The Reno Racing Engines

Discussion in 'Engines' started by engguy, Sep 9, 2010.

  1. engguy

    engguy Member

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    Does anyone have any inside scoop on these?
     
  2. robwkamm

    robwkamm Member

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    take your yearly income multiply it by 3 and hope its enough. seriously i have no idea. but love the races and engines. hope somebody in the know tell us more.
     
  3. Messy1

    Messy1 Well-Known Member

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    I am guessing at least a few hundred thousand on a cheaper engine. Imagine cost of Rare Bears rare R3350 to modify and rebuild. Anyone have any ideas cost of that?
     
  4. FLYBOYJ

    FLYBOYJ "THE GREAT GAZOO"
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    The plane I will be working on this week belches out a 10 foot flame when it starts!
     
  5. vikingBerserker

    vikingBerserker Well-Known Member

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  6. robwkamm

    robwkamm Member

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    ill bring the hotdogs.
     
  7. FLYBOYJ

    FLYBOYJ "THE GREAT GAZOO"
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    Got in yesterday. Started doing tech inspections on the jets. As far as the recip warbirds, the usual crowd, with the excpetion of "White 12" FW 190. Will try to get pictures today. I'm down on the west end so it takes me time to get over to the warbird side. After tomorrow my time should free up a little.
     
  8. engguy

    engguy Member

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    I kinda hung around a Reno race plane at one time. There were pretty much zero engine modifications done except for maybe the cooling spray bars etc. I would like to get to help modify one for racing, I have never seen one yet with the ideas I have. It would be fun. I need the right connections!!!
     
  9. engguy

    engguy Member

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    So how many engines blew up this year??? Some one that comes here must have gone to reno this year.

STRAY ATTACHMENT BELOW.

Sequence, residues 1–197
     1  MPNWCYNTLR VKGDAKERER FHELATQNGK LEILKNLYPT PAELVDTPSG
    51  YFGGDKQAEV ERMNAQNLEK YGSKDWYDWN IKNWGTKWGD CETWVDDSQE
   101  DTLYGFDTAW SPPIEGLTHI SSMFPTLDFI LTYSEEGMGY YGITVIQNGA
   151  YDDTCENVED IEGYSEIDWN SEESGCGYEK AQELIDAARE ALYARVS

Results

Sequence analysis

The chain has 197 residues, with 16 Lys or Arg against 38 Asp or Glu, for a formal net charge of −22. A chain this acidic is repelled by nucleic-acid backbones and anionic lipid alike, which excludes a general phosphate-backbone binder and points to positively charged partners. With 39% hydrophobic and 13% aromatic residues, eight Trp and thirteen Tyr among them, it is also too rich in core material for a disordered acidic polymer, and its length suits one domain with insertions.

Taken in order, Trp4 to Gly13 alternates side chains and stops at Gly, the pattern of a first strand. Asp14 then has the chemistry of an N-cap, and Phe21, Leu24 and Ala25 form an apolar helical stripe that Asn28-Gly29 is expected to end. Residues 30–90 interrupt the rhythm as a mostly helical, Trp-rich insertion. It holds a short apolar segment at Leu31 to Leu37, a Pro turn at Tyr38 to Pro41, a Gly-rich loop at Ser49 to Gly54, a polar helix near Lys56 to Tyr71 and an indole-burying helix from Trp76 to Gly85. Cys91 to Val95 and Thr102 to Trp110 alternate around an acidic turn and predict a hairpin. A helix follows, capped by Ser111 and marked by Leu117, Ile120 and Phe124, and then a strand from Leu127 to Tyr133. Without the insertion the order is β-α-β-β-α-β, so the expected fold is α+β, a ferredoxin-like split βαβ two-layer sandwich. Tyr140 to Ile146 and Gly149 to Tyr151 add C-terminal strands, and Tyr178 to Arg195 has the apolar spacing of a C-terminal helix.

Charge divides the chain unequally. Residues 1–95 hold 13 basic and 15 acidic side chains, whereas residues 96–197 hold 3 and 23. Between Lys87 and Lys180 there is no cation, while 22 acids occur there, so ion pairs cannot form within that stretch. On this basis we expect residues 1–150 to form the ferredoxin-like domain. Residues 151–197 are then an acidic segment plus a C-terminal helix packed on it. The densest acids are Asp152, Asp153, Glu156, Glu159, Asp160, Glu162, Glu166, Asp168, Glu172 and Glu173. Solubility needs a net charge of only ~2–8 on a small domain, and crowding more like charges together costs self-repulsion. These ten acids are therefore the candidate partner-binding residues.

10. FLYBOYJ

    FLYBOYJ "THE GREAT GAZOO"
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    I did - you'll see my post on another thread
     
  11. Colin1

    Colin1 Active Member

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    I'm willing to bet
    that there's none of your ideas that haven't been tried, in one form or another. Only my opinion, but I don't think there's much, if anything, left to squeeze out of even a late- or post-war recip.

    You're right though, be fun trying
     
  12. engguy

    engguy Member

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    Never ever seen it done. Like I said, especially with the radial engines, there is pretty much zero modifications done.
    Matter of fact last year 2009 race, rare bear was using one of the engines meant for FiFi the B29 of the CAF. Pretty much stock except for the parts swapped from other dash numbers. Like -26WD power section,blower section, and accessory section, cause it fit the engine mount. And -95W rotating assemblies and nose case. But this is just a parts swap deal not a performance modification deal.
     
  13. FLYBOYJ

    FLYBOYJ "THE GREAT GAZOO"
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    #13 FLYBOYJ, Sep 22, 2010
    Last edited: Sep 23, 2010
    The only reason why Rare Bear ran a basically stock engine last year was because of $. I don't know what they did this year but I do know they their team worked late hours as we did in the jet class.
     
  14. engguy

    engguy Member

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    If there is any modifications they make they are small, nothing major.
     
  15. FLYBOYJ

    FLYBOYJ "THE GREAT GAZOO"
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    At the present time yes, the older engines were modified and had a NOX sys as far as I know. I do know they are run "over red line" and the engine - prop combination has a lot to do with its performance.
     
  16. vintage radials

    vintage radials New Member

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    Racing merlins at reno this year. some of the changes to #7, packard -21 supercharger and accessory case, Rolls -720 crankcase reduction gears and cylinder blocks, allison g series rods, custom bearings pistons and rings, custom cams, rocker arms with carbide inserts, modified mags and carb, custom ignition harness, internal and external bracing, modified oil system and classified timing and other settings. The speeds speak for themselves. The cost of the changes runs over $200k. The prize money pays for 1/2 of the engine.